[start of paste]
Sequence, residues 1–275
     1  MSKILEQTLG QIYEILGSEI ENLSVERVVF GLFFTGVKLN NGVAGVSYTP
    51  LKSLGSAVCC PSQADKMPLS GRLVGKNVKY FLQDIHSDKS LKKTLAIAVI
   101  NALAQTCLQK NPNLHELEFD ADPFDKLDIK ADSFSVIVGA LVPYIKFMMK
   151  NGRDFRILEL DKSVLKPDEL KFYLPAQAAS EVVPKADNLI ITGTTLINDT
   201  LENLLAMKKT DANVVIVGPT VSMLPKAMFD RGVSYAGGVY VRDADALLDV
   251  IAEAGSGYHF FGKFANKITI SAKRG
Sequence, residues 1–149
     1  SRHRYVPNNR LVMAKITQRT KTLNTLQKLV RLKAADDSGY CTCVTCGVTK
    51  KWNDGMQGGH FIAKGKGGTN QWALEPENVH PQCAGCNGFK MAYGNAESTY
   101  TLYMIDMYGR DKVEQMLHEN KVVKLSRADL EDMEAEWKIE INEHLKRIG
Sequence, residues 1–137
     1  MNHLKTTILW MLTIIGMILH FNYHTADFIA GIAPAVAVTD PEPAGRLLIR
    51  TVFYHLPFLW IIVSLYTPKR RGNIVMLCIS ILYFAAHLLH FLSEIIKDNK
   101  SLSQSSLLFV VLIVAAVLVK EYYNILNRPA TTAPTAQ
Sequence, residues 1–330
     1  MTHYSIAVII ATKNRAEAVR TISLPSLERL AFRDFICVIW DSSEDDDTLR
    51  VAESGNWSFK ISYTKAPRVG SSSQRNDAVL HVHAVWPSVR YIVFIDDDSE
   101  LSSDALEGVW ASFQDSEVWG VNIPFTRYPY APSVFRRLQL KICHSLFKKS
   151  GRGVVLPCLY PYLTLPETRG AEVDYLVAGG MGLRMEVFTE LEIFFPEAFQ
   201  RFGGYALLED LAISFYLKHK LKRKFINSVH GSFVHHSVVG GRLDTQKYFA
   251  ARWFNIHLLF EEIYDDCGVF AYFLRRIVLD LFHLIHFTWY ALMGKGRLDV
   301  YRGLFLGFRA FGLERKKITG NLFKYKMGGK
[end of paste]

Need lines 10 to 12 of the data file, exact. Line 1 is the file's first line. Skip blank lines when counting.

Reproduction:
    51  KWNDGMQGGH FIAKGKGGTN QWALEPENVH PQCAGCNGFK MAYGNAESTY
   101  TLYMIDMYGR DKVEQMLHEN KVVKLSRADL EDMEAEWKIE INEHLKRIG
Sequence, residues 1–137